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Focus: Reforming privacy and health information

9 November 2009

In brief: The Federal Government has released the first stage of its response to the Australian Law Reform Commission's report on privacy law. Partner Catherine Parr , Special Counsel Karin Clark and Lawyer Jacqueline Goodall report on the implications for health service providers, and other bodies that handle health information.

How does it affect you?

  • The impact of the Government's response cannot be assessed fully until its draft exposure Bill is released, which is expected in early 2010. However, the Government's response to the Australian Law Reform Commission's (ALRC) recommendations gives some indication of the changes that can be expected:
    • One set of 'Privacy Principles' to govern the privacy of personal information (including health information), which will mean that federal public sector agencies will need to comply, for the first time, with special rules that will govern the privacy of health information.
    • A revised definition of 'health service' will make it clear that this will include businesses offering predictive genetic testing, cosmetic surgery or assistance with diet, weight loss or immunisations. Such organisations may therefore need to review their privacy compliance practices and policies.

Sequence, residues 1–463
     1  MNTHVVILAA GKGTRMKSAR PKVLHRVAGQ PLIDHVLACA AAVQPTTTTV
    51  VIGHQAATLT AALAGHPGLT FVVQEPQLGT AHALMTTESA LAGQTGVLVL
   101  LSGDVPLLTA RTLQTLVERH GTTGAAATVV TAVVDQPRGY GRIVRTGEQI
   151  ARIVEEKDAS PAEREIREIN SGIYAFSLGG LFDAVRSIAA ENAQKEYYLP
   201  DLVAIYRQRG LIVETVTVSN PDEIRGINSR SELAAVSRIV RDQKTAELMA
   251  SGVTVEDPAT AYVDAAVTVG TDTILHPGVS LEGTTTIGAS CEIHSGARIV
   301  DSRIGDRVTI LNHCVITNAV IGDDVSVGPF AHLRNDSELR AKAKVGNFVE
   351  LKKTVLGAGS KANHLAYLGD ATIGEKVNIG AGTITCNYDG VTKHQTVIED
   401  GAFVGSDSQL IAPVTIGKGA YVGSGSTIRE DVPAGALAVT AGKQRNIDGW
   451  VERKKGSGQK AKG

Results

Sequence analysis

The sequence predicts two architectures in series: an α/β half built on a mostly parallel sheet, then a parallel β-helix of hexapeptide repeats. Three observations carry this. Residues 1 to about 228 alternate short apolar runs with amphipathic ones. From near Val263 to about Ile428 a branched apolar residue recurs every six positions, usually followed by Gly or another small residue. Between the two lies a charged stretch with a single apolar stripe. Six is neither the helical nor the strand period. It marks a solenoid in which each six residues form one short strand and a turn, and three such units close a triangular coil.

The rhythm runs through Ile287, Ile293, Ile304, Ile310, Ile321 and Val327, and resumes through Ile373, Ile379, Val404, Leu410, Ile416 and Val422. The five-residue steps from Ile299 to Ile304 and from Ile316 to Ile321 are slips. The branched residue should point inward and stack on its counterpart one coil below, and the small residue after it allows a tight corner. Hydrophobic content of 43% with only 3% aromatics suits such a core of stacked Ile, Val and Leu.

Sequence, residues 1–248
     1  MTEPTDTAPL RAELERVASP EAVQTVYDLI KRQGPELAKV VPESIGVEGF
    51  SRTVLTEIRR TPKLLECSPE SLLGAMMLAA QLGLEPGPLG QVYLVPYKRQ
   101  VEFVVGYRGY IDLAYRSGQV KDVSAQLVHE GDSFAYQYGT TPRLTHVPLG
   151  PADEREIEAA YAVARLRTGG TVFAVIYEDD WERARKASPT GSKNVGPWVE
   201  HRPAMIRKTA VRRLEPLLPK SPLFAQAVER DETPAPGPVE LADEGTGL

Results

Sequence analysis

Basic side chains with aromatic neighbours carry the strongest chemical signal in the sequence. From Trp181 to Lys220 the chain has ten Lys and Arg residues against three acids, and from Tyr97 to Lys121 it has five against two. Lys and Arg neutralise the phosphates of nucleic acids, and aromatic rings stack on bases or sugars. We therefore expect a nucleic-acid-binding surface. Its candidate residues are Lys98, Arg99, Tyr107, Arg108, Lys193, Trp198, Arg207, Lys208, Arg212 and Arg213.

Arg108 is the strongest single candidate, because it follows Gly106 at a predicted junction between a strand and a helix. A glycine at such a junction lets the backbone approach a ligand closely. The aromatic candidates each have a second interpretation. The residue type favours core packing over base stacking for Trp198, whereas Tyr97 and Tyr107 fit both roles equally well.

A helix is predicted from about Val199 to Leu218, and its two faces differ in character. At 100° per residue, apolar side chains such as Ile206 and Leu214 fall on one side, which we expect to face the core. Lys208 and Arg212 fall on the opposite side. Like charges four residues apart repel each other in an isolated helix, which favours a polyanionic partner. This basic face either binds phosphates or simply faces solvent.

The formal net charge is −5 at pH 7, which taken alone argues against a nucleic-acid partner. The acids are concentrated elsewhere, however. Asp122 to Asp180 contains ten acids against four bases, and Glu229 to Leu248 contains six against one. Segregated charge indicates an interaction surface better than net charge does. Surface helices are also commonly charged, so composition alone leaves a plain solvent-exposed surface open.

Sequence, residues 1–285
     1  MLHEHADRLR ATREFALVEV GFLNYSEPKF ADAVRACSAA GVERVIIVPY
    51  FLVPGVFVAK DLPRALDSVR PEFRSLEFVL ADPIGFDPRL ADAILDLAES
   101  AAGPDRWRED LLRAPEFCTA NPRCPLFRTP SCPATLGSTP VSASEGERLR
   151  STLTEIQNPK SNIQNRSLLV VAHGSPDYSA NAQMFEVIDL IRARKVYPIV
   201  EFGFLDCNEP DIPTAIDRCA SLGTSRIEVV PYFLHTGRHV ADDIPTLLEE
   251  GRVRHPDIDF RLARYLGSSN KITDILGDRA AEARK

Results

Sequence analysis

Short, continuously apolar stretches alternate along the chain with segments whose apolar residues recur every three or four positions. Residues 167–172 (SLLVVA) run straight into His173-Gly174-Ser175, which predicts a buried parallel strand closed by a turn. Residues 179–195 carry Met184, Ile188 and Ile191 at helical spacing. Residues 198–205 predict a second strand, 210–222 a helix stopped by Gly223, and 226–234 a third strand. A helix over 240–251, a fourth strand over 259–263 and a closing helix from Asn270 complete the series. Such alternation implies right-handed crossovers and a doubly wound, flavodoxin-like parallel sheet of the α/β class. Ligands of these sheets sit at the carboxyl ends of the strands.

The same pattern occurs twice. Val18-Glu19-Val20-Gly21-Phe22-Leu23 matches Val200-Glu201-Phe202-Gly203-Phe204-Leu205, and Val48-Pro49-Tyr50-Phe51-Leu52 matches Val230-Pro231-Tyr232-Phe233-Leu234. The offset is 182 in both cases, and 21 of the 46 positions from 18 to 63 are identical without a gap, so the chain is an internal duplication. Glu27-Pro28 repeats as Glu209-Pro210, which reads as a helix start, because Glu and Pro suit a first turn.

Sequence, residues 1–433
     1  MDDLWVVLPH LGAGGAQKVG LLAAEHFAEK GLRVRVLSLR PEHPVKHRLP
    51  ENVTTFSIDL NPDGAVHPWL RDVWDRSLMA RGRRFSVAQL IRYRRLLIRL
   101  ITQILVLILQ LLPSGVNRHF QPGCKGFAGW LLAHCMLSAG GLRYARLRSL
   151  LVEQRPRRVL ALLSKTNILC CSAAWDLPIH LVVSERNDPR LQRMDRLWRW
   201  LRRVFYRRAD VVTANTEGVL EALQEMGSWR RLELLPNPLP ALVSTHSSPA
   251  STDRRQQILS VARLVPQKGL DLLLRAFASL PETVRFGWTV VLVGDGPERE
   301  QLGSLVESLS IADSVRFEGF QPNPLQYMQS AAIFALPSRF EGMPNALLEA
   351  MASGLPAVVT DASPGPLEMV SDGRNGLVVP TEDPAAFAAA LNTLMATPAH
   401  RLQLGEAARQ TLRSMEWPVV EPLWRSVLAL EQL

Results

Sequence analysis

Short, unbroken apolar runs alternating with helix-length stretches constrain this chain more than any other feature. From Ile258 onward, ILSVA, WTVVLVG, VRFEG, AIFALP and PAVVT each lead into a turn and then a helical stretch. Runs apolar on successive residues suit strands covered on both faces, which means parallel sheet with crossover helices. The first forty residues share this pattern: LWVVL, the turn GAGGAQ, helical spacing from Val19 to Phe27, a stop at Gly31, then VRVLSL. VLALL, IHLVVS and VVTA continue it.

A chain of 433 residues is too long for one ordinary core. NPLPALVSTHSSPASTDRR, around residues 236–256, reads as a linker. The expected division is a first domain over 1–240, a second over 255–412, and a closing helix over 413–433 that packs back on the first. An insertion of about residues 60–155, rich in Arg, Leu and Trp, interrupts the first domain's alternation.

• Consumers of health services will be given better access to their health information when health services are sold, amalgamated, disaggregated or closed down, and will be also given more rights to transfer their health records.
    • The National Health and Medical Research Council (NHMRC) will be asked to develop, in conjunction with other appropriate bodies, a new set of 'Research Rules' to govern the use of health information, without the consent of individuals, in the conduct of medical research by public and private sector researchers to replace the two sets of binding guidelines the NHMRC currently issues.
    • The Research Rules will also cover the use of personal information without the consent of individuals in the conduct of research in the public interest (not just health and medical research).